(Where Does It Come From?)
When I was growing up, I believed what I was told by my parents and other leaders. In regard to religion, I believed what my pastors taught me. Among the many things they taught me was that the Bible was the authority for what they taught. And so I believed.
When I got to college, I began to think things out for myself. I still believed the Bible to be true, but was that just because that's what I had been taught? What if I had been born in India? or China?
A speaker in my church told an assembled group of mostly college students that we should find out for ourselves, by asking God. First, if he existed, and then if the Bible was true. He used the example of Gideon and his fleece. I set up a similar request of God, and He answered it miraculously. He lives! I also sought an answer to the truth of the Bible, and I was assured by Him that it is true.
Having ascertained that the Bible is true, and the word of God, I began to discover little by little, in studying the Bible, that some of the things I had been taught, were not taught in the Bible. I had planned to become a Baptist pastor, but I could not teach things that I believed the Bible did not teach.
I still had only the Bible as the authority on which to determine the truth about God, and what He expects of us -- that, and the answers I got to my prayers.
I "settled" for a while for a church that only required me to believe things I already believed the Bible taught, and I grew comfortable there in the Salvation Army. While overseas in the U.S. Army, I encountered a Pentecostal church that taught things about the Holy Ghost, that I had not known, but they did not contradict the teachings of the church I was then a member of.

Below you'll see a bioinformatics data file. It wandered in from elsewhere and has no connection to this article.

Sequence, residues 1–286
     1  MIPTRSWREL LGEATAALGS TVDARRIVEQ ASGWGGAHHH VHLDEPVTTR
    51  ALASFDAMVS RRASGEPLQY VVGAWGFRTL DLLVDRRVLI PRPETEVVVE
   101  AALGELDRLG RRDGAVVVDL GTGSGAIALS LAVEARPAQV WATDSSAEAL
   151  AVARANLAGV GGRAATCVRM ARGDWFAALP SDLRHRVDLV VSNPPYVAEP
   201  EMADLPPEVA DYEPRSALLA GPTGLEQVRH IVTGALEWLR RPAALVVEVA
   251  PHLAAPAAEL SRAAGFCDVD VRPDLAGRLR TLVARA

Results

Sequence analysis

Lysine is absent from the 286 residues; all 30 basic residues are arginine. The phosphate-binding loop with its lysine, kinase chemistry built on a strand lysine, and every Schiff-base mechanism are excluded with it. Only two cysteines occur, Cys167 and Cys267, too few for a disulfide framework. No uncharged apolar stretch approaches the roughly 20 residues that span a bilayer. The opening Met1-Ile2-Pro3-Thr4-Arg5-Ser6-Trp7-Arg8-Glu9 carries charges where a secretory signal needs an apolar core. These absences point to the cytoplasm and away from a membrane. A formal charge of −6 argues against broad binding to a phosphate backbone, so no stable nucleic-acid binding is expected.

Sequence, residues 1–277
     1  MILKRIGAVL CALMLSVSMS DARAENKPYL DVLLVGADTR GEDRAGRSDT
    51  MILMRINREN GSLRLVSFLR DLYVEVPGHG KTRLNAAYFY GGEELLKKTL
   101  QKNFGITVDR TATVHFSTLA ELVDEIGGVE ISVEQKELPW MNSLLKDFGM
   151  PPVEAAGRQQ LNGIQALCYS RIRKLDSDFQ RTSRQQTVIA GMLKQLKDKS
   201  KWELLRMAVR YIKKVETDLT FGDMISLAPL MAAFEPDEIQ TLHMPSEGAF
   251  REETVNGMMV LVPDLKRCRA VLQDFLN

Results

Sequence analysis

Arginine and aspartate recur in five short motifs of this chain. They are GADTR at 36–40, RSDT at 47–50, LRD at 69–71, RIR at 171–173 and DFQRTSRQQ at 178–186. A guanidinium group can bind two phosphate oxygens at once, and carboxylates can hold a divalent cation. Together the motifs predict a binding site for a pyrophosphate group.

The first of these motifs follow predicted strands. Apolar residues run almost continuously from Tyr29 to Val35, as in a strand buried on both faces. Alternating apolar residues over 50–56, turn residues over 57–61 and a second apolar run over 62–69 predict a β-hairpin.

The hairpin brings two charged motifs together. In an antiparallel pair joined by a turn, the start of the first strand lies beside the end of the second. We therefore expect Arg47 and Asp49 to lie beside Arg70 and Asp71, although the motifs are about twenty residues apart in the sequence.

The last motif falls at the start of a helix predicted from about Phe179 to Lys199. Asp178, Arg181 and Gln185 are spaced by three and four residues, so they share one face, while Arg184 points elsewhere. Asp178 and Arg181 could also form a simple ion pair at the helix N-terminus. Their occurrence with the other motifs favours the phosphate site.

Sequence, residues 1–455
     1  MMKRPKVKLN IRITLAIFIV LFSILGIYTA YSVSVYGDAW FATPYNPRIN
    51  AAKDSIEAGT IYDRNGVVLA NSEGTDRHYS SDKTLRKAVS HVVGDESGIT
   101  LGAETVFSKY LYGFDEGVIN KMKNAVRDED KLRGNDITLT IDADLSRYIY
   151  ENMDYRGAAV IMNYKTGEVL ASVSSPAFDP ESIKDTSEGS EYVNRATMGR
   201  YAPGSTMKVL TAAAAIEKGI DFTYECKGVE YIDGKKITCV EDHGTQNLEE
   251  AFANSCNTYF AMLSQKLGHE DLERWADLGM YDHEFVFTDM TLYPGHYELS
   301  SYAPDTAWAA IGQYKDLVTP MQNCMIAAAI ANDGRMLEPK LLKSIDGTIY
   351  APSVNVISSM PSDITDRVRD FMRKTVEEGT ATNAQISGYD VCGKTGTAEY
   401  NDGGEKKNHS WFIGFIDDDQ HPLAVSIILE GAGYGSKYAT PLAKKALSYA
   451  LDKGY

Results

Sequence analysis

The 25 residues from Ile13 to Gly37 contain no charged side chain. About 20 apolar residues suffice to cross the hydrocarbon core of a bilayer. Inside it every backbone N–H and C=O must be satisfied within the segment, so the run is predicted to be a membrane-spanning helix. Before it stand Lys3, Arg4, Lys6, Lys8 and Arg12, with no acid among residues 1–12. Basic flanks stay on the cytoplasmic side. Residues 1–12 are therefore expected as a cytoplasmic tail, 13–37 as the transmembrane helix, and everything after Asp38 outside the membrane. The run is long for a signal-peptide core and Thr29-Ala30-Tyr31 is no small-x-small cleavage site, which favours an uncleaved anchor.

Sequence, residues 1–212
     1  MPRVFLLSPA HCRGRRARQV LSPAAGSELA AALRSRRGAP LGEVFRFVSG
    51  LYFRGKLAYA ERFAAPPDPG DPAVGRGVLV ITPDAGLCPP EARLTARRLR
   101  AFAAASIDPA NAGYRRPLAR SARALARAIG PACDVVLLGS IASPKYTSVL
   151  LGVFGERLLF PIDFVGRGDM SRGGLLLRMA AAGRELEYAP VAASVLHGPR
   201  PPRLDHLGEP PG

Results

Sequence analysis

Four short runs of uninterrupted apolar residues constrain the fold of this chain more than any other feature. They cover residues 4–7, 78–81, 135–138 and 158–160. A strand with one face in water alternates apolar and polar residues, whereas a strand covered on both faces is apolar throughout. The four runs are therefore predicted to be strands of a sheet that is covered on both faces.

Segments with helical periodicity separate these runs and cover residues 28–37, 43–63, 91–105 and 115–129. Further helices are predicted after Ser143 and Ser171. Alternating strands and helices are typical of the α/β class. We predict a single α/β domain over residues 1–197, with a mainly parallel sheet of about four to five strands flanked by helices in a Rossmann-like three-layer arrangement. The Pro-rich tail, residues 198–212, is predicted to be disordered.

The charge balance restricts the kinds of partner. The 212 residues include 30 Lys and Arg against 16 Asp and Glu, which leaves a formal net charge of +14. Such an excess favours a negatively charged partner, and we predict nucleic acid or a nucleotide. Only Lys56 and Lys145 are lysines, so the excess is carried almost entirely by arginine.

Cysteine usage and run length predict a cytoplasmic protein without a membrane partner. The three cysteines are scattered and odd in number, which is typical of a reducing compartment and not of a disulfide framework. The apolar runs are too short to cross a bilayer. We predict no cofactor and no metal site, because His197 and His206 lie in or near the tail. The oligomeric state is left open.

When I returned from overseas, I went back to my church in the States, a bit disappointed because I hadn't learned what I needed to about the Holy Ghost.
When Jehovah's Witnesses pointed out that the Trinity doctrine was not in the Bible, I had to agree. I went to my Corps Officer to see if he could explain to me why there was such a doctrine, when it was not in the Bible, but he could not.
I didn't spend much time with the Jehovah's Witnesses either, as they didn't believe that Jesus was resurrected with a physical body, which is plainly contrary to the Bible, no matter what translation you use.
I checked into a number of other churches, coming away with the feeling that there were none, that I could find, anyway, that had the whole truth. I believed that there is only one truth, one true perspective. I even discussed with friends the possibility of starting a church on my own to teach what I found in the Bible.
Then someone asked me what I thought of the Book of Mormon. When I told him I thought Joseph Smith had been deceived (what I had been taught growing up), he said I needed to read it and pray about it and ask God if it is true. Since that's what I had had to do with the Bible, I couldn't disagree. I read the Book of Mormon and prayed about it. When I got the answer, it was glorious. It is true!
What I have discovered, is that the authority doesn't come from a book, or books; it comes from God. He has provided His Priesthood to convey His authority to men He has chosen and authorized. A man cannot take authority to speak for God of his own accord, or because other men who have earned degrees in religion have given him what they themselves cannot possess.
When Jesus was brought before Pilate, Pilate asked him, "Knowest thou not that I have power to crucify thee, and have power to release thee?" Jesus answered, "Thou couldest have no power at all against me, except it were given thee from above:"
His powerlessness is shown in the fact that though he found no fault in Jesus, he allowed him to be crucified to pacify the mob.
- David Sawyer, October 1, 2003